Green Living

Any CFLs made in the USA?

I admit I haven't done my research (that's what y'all are for, right?) Wink but I tried to buy some at Costco this weekend and they were all Made in China. 
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Re: Any CFLs made in the USA?

  • According to a post on another message board, these are:

    http://www.lightsofamerica.com/

    But...I don't see anything on the site saying the bulbs are actually made in the USA (could be that I didn't look hard enough, or it could be that they are merely a US-based company).  I also found other sites saying that due to the mercury and our environmental laws, they can't be produced here.  None of these are "good" sources, BTW...just sharing my quick Google process.  :-)

    I'm starting to think I should research LED bulbs and their cost/lifespan/environmental impact...

  • I work for a lighting company, and there are no CFL manufacturing plants in the US - we used to have one, but closed it about six years ago, because it wasn't competitive with the Chinese manufacturing companies that were flooding the market.  Our Asian division makes our CFL products ...
  • I haven't heard or seen any CFL bulbs being made in the U.S.  While I think any technology that reduces energy usage is a good one, I hope some other type of bulb comes along like LED.  The fact that manufacturing CFLs is so hazardous you can't do it in the U.S. is scary, plus I've always wondered what I'm supposed to do if I break one.  The CFLs we have are a bright artifical white that I'm not found of, and they take half a second to come on which also bothers me.  Plus I haven't yet found a wattage low enough for cadelabra bulbs, so we still have incandescents in our dining room chandelier.

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  • Thanks for the info, ladies.  Our friend installs LEDs at clubs, businesses, landscaping, etc. so I'll have to ask him more about them for home use. 
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  • Interesting to know.  The mercury in CFLs really bothers me.  I don't necessarily find their lifespan to be as good as claimed either. 

    DH really likes the idea of LED bulbs.  He bought one a few years ago that was useless.  The light it cast was dim, tinted blue, and highly directional despite the diffuser.  However, he's happier with the one he bought last week and says it will be good enough for his office.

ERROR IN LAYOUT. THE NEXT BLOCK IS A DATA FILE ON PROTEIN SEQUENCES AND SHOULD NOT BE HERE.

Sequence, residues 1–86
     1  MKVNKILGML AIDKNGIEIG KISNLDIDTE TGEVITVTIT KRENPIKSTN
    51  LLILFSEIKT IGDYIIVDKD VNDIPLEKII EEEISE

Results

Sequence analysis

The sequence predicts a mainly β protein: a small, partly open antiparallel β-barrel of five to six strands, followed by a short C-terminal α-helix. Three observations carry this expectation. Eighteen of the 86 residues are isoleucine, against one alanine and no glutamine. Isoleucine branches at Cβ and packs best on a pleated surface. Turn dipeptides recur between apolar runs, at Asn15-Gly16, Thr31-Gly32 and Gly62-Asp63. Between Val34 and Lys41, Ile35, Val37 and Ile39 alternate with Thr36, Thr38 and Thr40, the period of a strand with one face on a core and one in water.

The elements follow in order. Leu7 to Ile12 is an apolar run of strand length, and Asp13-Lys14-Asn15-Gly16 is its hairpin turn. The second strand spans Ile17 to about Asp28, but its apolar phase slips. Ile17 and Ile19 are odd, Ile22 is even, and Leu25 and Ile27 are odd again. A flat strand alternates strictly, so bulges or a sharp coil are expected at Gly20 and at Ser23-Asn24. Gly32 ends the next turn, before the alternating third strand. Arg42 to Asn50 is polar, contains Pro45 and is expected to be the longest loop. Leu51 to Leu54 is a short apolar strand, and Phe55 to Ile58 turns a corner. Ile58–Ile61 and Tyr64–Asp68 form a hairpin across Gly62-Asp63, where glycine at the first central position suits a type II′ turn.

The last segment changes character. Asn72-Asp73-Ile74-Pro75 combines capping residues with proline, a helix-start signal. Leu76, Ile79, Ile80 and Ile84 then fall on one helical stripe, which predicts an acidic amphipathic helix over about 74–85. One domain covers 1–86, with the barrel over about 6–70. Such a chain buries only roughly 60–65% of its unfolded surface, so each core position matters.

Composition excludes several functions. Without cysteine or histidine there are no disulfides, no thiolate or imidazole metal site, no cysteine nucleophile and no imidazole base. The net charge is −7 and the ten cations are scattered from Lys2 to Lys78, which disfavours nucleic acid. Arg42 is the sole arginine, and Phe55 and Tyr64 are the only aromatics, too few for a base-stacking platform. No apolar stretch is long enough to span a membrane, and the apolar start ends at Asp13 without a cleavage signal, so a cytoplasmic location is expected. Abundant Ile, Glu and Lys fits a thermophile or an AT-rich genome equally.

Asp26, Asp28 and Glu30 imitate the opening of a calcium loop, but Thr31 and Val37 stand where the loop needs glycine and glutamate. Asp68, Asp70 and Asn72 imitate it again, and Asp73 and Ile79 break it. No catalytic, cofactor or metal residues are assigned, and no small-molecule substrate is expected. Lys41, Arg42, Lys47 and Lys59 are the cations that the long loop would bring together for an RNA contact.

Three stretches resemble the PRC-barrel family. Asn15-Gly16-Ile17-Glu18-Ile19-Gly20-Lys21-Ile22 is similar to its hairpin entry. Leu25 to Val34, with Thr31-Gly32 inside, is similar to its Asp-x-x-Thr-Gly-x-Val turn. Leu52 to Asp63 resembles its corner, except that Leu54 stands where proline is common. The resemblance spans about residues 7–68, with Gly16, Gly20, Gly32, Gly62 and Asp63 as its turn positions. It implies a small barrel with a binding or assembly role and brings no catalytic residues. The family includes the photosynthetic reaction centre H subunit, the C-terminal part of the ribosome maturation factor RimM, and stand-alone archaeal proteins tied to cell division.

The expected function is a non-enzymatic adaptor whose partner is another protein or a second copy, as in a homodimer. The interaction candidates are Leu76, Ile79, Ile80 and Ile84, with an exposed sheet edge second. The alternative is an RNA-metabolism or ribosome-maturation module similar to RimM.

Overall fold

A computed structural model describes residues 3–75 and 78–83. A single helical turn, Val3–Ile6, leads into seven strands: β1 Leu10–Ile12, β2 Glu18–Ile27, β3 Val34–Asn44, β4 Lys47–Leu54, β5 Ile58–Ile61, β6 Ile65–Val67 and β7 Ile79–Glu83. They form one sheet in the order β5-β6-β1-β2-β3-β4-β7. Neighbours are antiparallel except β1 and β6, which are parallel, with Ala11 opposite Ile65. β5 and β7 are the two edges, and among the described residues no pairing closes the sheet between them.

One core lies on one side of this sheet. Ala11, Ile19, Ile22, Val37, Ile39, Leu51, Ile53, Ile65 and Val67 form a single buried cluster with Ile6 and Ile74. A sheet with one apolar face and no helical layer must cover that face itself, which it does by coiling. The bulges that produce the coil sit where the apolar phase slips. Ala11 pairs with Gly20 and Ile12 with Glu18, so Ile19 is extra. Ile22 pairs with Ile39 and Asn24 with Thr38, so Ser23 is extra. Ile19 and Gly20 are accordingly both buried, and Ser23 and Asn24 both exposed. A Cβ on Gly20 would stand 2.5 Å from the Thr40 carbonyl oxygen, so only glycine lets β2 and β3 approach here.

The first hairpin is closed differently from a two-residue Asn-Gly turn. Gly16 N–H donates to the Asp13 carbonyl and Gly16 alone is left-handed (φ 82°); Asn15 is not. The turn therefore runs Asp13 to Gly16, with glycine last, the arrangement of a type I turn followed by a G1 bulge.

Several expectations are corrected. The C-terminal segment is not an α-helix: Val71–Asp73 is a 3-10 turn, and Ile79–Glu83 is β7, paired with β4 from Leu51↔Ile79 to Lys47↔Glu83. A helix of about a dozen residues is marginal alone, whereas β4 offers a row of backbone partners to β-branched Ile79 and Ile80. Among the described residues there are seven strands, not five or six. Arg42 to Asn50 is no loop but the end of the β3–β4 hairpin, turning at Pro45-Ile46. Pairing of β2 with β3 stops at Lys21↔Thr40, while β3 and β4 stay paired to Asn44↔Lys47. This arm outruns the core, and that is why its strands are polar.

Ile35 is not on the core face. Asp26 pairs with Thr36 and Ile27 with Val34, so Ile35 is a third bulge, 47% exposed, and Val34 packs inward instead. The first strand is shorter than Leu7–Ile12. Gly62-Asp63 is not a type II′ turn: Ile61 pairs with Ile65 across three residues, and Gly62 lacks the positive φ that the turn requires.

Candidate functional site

• image hkaszuba:
    I work for a lighting company, and there are no CFL manufacturing plants in the US - we used to have one, but closed it about six years ago, because it wasn't competitive with the Chinese manufacturing companies that were flooding the market.  Our Asian division makes our CFL products ...

    Try Ikea for the low wattage ones.  I bought some candelabra CFLs from them and they were actually too dim for our dining room.  I found brighter ones at Lowe's, but I haven't bought them yet because I just got done with putting in CFLs and LEDs ($$$) everywhere in our new house.  I don't remember the wattage on any of them, but I know the Ikea ones were the lowest of all. 

     

  • image CutesBoots:

    Interesting to know.  The mercury in CFLs really bothers me.  I don't necessarily find their lifespan to be as good as claimed either. 

    DH really likes the idea of LED bulbs.  He bought one a few years ago that was useless.  The light it cast was dim, tinted blue, and highly directional despite the diffuser.  However, he's happier with the one he bought last week and says it will be good enough for his office.

    CFL's do have mercury as do fluorescent bulbls ... both can be recycled.  Incandescents contain lead, so not all that EF either. 

    I'm actually a LED product manager - LEDs are more EF as pretty much everyone follows European RoHS (reduction of hazardous substances) standards - so no mercury, lead, etc.  The price is still relatively high, but the output of light and cost is dropping quickly; I think the price/performance will make sense for "the average consumer" in two to three years - and they last 50,000+ hours (as opposed to 1,500 to 3,000 for incandescent and 8,000 to 12,000 for CFL)

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